At a time when it would be easy to voice bitterness or rage at life’s unfairness, they have remained a moving example of grace and love. The way they insist on living life to the fullest and refusing to be beaten down is itself like a great work of art. Like all great artists, they make it look easy.
But no one who knows them is surprised. Alice and Dave were married outside on what turned out to be one of the hottest days of the year. It somehow didn’t feel that way though. The breeze was just right and no one seemed to notice the temperature. Alice’s vows included a promise to support the Green Bay Packers. After the ceremony, Alice and Dave enjoyed their first dance together as a married couple. Before their song was over, Alice beckoned everyone to join them on the dance floor. She would tolerate no slackers. Even those guests who normally do not like to dance at weddings happily obliged.
Alice created a Facebook page to document her and Dave’s travels. She is a gifted writer and has posted comments and photos. “We can feel the petty retreating by the hour,” Alice wrote in a post. “This has not so far been a year too full of laughs. Yet we have been laughing and crying and learning things about ourselves and each other that the world of cubicles and chemo bays muffles somehow.”
“We are witnessing natural things that were previously beyond my imagination,” Alice wrote me in an email. “Talking stops and all one does is stare dumbly at a magnificence that renders your life, worries, ego all meaningless. It is fun to be on the road. But some day we come home for good. And that is a principle to wrestle with the starry night through.”
Summer is a time to burn with hate. The heat brings out the worst in us. The discomfort makes us loose our tempers, see the worst in everything. The constant sweat and stench of the summer boils our rage quickly. In New York City, hate levels are at a natural high given the crowded nature of the city. The summer season pushes our hate levels to its highest levels; global warming will exacerbate this.
Here are biggest reasons you will rightfully be consumed with hate this summer:
Heat: Meteorologists forecast that this will be a long, hot, and humid summer. In the city, the heat is worse than elsewhere. The blacktop and concrete absorb and reflect the heat. Large buildings wall in hot air, car exhaust, and other sickly fumes and heat-emitting odors. We also have the worst of both words with our heat: we get very high temperatures and very humidity.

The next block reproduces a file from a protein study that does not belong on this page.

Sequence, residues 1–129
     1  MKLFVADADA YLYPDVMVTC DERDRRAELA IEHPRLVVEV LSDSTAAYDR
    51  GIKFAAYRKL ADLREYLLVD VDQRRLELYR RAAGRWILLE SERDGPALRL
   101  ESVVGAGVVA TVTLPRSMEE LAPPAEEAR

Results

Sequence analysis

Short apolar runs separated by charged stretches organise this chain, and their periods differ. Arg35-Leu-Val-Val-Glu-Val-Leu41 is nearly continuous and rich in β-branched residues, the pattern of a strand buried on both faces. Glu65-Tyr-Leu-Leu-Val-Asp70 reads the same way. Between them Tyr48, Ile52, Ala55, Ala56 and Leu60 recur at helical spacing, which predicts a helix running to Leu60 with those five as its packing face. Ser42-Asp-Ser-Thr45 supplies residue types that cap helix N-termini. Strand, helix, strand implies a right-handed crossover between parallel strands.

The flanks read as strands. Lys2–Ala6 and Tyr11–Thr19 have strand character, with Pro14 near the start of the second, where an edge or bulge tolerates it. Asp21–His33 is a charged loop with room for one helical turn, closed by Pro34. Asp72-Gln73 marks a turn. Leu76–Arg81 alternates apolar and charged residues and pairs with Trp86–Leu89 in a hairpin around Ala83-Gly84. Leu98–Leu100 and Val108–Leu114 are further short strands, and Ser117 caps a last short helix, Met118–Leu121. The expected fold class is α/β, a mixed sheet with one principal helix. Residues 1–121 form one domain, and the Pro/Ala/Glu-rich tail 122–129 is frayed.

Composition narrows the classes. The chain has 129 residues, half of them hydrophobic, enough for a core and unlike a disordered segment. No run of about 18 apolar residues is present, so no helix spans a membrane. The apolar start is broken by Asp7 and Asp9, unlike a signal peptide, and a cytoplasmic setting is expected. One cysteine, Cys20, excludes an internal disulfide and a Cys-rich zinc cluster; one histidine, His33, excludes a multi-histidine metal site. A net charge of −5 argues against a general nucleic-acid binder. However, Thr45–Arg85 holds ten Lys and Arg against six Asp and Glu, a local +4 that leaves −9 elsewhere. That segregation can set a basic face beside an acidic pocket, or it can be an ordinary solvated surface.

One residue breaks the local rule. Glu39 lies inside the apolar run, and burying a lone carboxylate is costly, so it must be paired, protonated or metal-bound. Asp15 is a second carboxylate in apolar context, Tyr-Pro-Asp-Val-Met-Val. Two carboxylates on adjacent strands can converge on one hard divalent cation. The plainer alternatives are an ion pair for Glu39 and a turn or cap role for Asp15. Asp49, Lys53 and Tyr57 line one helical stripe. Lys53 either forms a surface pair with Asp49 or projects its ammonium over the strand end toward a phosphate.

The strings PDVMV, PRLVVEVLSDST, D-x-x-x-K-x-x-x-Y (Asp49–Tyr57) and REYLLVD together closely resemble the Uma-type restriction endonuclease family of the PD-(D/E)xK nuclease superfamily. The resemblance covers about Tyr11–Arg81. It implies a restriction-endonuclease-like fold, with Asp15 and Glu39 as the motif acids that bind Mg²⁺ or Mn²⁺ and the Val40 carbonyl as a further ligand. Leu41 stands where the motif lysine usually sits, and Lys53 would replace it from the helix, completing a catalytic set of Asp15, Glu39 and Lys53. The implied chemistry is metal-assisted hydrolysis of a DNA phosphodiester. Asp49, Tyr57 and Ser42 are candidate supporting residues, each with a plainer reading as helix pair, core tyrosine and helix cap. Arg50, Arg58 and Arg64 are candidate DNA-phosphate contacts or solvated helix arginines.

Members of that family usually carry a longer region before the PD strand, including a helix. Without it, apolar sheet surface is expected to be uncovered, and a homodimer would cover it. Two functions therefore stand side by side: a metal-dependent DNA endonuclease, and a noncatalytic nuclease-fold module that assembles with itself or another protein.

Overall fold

Crowds and Traffic: New York attracts lots of tourists and we need them here. I will go out of my way to help them and give them information. But they are legion and they don’t know how to move about the city. They clog our sidewalks, subways and escalators to an aggravating degree. Our city requires a fast pace and a knowledge of how to courteously use mass transit and otherwise comport oneself in public spaces. The German tourists who dumbly stand in front of an open subway car door at Grand Central Terminal risk being trampled into strudel stains on the platform. The Chinese tourists who don’t know how to stand in a line make me dread the shape of our future world. There are plenty of New Yorkers who are stupid and ignorant and invite righteous anger, but they’re a constant variable and can sometimes be shamed into compliance. Tourists don’t know better, don’t want to learn and think everything is a big joke.
Bugs: Our city is overrun with roaches. I once live in an apartment that was so roach invested that I developed the ability to kill them with my bare hands without registering an ounce of disgust. The hot weather makes roaches reproduce faster as their eggs don’t take as long to hatch. Did you know that you should spray a roach with bug spray after you crush it to death in order to kill its eggs? Yes. Do that. The heat also brings more mosquitoes, which can now spread diseases like the West Nile Virus. Joy.
School Being Out: When I was in school I loved the summer. Now that I have moved on to adulthood, summer marks the time when teeming masses of juvenile delinquents take up valuable space on subways and sidewalks. Yes, I remember being a young person on summer vacation, and I’m sure I was a big jerk back then too. All the good students are busy working jobs, going to summer camp or spending time with their families. The youth you see out and about in the city are probably being idiots or committing crimes in between getting one another pregnant.
The Happiness of Others: The yellow face of the sky burns us as it mocks our unhappiness. People who revel in the stifling heat and painful sun can’t help themselves in expressing how happy they are. The better humans who are turning red and blistering are looking for ways to get shade and are not cheering their increased chances of skin cancer. Let the heat of the sun consume those who find joy in the midst of our suffering. May their grinning countenances be melted into a rancid plasma that will flow like lava and kill some roaches.